We’d a great open mike session last night at the Glen Mhor’s Waterside Building – the door open on to the terrace, the sun beating down outside, the river placidly flowing down to the firth.
We met a number of new friends, some of whom stayed on afterwards for al fresco drinks at the Glen Mhor. There’s already been positive feedback: ‘a lovely old time last evening’ writes Drew. ‘Everyone had such fun.’ ‘A real positive buzz.’ ‘It was one of the most enjoyable HighlandLITs thus far.’
And Mo MacQuarrie writes;
‘Thank you for a great open mic night last evening! It was great to see so many people there and even better hearing so much fantastic work. It was wonderful to hear all the appreciative comments re my own wee story in which humour was brought to murder!’
Others spoke about how much they appreciated the opportunity of reading their work to a friendly audience, and about how over the months reading at HighlandLIT and other similar fora in town their confidence has grown.
We heard poems, short stories (the humorous, the dark, the disturbing), a section from a published novel, a description of travel in New Zealand, a piece about the Duke of Sutherland’s private station at Dunrobin Castle. Some people read pieces they had written while at the wonderful HighlandLIT Writing Holiday at Cromarty earlier in the month which was led by Helen Moore.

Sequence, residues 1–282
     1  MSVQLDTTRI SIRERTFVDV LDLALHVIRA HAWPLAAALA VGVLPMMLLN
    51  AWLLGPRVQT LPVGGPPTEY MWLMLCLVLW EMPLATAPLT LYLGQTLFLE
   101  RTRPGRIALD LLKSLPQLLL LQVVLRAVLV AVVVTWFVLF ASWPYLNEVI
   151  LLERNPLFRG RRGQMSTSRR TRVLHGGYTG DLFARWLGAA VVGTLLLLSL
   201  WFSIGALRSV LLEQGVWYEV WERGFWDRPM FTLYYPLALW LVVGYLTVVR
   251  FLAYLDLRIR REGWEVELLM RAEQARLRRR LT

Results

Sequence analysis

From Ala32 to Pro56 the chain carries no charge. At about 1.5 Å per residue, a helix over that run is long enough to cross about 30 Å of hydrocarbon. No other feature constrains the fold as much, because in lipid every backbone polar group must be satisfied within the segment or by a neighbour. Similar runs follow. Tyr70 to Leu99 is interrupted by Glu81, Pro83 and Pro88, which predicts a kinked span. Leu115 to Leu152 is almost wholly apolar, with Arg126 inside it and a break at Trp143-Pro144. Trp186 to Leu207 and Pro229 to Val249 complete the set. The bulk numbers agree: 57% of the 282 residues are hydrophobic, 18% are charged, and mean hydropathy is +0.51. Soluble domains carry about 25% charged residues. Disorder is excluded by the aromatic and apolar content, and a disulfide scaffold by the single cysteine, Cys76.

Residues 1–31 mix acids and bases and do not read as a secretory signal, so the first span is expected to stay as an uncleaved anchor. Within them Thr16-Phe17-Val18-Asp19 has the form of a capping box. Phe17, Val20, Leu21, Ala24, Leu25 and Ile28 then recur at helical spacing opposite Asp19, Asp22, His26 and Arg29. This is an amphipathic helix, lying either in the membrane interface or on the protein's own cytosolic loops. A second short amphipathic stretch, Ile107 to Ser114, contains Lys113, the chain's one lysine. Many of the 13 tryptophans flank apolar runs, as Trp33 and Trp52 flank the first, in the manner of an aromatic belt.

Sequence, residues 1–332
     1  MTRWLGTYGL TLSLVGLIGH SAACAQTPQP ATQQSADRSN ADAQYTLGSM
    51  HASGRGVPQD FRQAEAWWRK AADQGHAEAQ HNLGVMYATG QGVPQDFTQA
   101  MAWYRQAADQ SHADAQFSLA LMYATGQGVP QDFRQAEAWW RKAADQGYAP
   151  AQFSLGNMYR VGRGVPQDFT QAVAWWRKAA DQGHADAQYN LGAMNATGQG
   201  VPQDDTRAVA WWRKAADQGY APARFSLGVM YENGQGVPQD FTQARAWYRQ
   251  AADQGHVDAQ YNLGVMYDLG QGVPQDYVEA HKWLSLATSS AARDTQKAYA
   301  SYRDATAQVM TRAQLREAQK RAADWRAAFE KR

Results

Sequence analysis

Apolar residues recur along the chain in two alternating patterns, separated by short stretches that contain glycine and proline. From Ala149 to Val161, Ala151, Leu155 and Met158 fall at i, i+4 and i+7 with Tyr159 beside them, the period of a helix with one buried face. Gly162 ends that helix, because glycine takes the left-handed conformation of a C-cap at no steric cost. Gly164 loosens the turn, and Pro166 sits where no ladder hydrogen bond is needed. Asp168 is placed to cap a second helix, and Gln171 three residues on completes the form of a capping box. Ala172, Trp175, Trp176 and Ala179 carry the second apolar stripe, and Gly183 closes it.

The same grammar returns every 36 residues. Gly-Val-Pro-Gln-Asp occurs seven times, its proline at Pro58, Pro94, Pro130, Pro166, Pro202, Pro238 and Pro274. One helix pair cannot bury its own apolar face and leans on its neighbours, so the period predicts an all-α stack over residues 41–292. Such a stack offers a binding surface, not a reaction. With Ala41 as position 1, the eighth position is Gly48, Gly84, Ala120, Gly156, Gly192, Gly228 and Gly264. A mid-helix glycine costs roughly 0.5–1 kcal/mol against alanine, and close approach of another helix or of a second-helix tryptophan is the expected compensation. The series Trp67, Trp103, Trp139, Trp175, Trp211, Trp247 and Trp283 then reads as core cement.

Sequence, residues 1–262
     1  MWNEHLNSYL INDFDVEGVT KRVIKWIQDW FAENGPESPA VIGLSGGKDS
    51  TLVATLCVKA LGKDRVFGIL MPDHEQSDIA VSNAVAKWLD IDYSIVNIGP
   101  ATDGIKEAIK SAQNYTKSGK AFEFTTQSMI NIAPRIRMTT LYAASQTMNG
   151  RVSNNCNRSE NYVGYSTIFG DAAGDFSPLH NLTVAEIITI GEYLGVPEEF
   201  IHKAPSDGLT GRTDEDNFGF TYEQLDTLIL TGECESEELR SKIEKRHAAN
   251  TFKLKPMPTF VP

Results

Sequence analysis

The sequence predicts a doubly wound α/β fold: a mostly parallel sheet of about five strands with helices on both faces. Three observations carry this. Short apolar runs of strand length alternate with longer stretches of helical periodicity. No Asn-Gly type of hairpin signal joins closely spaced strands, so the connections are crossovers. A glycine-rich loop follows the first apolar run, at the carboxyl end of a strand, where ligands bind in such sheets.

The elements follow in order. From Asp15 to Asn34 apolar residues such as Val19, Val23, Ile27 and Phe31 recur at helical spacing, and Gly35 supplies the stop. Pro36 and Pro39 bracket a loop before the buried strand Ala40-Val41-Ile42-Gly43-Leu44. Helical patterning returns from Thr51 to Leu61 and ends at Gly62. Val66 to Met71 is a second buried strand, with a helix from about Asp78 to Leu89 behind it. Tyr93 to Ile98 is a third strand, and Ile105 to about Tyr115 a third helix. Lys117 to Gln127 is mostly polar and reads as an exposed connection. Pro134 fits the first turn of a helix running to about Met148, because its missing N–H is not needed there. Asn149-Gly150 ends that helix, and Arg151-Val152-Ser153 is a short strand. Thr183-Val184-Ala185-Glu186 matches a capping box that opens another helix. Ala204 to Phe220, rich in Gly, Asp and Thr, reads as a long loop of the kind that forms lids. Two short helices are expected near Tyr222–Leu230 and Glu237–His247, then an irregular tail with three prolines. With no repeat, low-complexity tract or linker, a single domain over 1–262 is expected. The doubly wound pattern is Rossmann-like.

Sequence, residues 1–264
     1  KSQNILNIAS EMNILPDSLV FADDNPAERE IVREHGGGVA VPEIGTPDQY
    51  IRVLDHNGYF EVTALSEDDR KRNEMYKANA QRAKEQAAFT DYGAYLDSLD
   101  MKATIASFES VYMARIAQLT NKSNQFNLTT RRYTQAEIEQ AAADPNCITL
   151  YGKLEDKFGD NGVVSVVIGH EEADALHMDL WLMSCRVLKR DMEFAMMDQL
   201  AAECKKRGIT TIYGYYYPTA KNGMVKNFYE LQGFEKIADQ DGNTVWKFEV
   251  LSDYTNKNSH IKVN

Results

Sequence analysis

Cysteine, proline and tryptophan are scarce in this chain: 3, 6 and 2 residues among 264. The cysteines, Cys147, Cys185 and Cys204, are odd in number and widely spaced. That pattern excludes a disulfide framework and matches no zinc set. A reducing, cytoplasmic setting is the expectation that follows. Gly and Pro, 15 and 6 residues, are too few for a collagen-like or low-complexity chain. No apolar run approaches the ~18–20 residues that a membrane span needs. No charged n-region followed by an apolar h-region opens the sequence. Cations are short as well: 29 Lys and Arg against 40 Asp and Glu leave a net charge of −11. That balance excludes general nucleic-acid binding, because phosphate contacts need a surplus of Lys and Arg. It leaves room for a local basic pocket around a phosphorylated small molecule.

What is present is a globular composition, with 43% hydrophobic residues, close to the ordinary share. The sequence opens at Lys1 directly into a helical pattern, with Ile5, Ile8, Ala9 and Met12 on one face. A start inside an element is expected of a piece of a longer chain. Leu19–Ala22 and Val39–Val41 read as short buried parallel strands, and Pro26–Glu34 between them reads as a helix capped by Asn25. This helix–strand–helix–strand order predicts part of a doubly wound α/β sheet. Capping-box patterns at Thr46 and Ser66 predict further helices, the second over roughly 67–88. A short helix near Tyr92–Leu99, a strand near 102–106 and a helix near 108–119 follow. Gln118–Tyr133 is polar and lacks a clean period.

One theme running through the evening was the environment, climate change, and earth’s rebellion against humanity. We will always remember Timski’s impassioned protest against ecocide – or ‘countrycide,’ the word he coined – declaimed entirely from memory.
A memorable evening, then. Our thanks to everyone who came along, and to those who shared their work so freely with us.
(The photos show Jayne Austen, Graham Bullen and Paul Shanks in action last night.)